1. Limited time only! Sign up for a free 30min personal tutor trial with Chegg Tutors
    Dismiss Notice
Dismiss Notice
Join Physics Forums Today!
The friendliest, high quality science and math community on the planet! Everyone who loves science is here!

Engineering Materials Recommended Textbook

  1. May 19, 2012 #1
    Can anyone recommend me a good Engineering Materials textbook? Here is the course description:

    Introduces the physics and chemistry of engineering materials including metals, ceramics, polymers, and composites. Covers the relationships among the processing, internal structure, material properties, and applications. Internal structure includes crystal structure, imperfections, and phases. Processing includes annealing, precipitation hardening, and heat treatment of steel. Properties include mechanical properties and corrosion behavior. Also considers current industrial needs.

  2. jcsd
  3. May 20, 2012 #2
    I would have a look at Materials Science and Engineering by William Callister, find a preview of the ebook and see if you like it, I thought it was very well structured but probably not very in depth.
  4. May 21, 2012 #3
    William Callister is the core materials science textbook at many unis in the UK.

    He has written or co-written several versions of the Textbook, and it has been floating around for about 20 years so there should be plenty of old copies out there. All of them cover the same basics (I've got 2 variants myself - long story...). Shackelton is the other major one.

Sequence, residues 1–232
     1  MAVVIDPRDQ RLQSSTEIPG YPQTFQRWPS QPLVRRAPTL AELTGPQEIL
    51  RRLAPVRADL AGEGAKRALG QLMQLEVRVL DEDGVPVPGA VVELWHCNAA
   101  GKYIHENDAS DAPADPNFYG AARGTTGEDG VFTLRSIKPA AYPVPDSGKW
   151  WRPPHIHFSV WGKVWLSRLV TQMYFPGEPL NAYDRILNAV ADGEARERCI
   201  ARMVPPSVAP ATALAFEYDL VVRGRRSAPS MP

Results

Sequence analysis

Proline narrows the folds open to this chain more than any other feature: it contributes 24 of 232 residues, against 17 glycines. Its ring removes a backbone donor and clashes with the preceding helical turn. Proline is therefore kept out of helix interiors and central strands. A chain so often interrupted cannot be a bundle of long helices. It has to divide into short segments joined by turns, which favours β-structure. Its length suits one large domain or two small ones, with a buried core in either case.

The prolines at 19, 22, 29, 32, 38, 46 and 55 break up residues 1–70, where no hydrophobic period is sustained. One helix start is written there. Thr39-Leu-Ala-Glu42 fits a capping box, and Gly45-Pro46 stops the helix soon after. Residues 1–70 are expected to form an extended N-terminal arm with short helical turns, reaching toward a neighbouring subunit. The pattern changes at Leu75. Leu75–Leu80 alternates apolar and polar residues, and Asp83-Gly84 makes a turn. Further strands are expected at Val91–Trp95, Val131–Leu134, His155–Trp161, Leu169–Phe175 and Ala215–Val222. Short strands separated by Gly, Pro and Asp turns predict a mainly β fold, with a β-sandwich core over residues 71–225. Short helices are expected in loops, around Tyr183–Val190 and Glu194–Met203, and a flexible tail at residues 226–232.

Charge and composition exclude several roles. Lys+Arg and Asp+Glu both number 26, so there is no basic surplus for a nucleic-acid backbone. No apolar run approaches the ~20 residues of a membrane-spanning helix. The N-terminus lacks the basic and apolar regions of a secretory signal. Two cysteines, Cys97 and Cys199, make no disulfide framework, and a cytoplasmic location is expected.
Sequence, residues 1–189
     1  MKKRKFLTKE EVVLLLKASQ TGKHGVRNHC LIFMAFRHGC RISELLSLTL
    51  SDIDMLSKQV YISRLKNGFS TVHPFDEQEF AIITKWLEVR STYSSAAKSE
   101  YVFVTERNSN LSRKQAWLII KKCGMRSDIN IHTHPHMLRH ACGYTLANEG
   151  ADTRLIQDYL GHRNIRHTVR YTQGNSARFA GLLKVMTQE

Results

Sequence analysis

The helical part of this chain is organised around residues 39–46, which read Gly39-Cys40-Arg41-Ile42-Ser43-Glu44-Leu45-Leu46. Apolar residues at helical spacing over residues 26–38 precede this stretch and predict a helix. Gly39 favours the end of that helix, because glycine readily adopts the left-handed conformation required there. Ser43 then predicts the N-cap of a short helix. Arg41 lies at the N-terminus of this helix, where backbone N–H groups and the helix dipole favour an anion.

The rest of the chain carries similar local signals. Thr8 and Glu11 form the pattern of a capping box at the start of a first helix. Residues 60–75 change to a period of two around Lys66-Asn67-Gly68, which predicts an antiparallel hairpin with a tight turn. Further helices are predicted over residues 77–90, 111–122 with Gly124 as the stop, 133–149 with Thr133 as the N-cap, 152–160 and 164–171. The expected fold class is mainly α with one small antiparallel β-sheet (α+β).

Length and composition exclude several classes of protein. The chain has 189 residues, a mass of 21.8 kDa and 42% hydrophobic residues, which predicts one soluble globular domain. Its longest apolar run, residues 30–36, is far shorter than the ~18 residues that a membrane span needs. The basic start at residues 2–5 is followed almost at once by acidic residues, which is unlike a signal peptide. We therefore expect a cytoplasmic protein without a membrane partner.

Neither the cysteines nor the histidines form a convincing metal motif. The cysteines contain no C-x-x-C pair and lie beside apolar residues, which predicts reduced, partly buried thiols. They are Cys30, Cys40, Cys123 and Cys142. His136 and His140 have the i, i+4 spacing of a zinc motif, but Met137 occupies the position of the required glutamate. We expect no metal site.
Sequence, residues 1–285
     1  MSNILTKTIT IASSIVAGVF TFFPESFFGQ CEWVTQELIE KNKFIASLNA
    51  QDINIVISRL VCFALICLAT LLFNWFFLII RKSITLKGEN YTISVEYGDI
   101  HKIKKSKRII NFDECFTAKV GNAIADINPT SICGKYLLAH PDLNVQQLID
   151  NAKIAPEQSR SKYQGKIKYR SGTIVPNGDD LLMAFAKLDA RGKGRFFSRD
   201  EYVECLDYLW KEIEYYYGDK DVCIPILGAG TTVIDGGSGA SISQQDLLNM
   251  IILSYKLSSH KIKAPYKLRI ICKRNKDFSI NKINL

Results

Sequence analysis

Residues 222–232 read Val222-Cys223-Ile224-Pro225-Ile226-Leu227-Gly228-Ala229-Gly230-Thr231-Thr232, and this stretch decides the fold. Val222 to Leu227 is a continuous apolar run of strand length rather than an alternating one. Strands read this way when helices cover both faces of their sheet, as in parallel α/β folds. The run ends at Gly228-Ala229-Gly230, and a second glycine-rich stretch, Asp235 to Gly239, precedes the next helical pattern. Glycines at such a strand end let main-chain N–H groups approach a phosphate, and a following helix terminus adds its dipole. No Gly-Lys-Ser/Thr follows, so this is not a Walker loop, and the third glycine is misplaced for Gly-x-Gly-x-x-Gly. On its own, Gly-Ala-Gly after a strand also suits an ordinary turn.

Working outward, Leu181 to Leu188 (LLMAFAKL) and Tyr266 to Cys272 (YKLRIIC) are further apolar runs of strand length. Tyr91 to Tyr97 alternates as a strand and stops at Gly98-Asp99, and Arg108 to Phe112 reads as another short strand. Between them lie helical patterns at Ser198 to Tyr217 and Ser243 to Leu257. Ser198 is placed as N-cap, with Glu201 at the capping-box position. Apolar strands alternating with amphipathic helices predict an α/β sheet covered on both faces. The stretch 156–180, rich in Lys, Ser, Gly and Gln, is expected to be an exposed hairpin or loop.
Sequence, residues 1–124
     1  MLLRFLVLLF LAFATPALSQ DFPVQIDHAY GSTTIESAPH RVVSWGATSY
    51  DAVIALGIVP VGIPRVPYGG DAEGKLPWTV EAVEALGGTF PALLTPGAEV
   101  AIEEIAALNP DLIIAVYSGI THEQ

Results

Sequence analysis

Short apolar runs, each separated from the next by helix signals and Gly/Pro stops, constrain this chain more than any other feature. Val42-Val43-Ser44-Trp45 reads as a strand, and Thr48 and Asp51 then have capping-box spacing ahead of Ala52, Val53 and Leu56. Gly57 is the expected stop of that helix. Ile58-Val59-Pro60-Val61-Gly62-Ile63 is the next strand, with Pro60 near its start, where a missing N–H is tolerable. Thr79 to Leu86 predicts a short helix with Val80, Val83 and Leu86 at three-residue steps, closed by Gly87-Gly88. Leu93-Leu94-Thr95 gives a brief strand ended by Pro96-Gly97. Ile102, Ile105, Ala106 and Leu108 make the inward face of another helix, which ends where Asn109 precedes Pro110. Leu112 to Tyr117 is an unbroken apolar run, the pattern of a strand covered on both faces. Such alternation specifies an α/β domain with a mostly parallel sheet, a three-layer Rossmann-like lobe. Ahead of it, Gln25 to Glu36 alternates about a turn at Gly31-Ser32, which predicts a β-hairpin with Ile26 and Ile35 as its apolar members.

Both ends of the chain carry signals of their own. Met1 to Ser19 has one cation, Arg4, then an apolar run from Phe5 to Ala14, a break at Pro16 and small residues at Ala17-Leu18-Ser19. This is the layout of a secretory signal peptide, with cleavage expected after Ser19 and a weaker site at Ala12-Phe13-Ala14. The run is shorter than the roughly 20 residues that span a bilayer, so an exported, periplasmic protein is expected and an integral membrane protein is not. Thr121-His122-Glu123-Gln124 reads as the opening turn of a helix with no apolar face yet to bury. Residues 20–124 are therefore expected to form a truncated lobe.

As to the "current industrial needs" bit, i don't know. If you mean that it looks at Type-II superconductors, then fine, but it all depends on how current you want to be. Personally, the internet is a much better place to find out this type of stuff. Textbooks are immediately out of date on this.

    If you are looking for mechanics, "Engineering materials 1" by Ashby and Jones is the standard one we use (goes into stress-strain curves, dislocations in a bit more detail, creep, fracture, etc). It is just a bit more focused on the mechanical side. In saying that, Dartmouth put a really good old textbook online for this stuff


    book mark it for life. it's a god-send.
Share this great discussion with others via Reddit, Google+, Twitter, or Facebook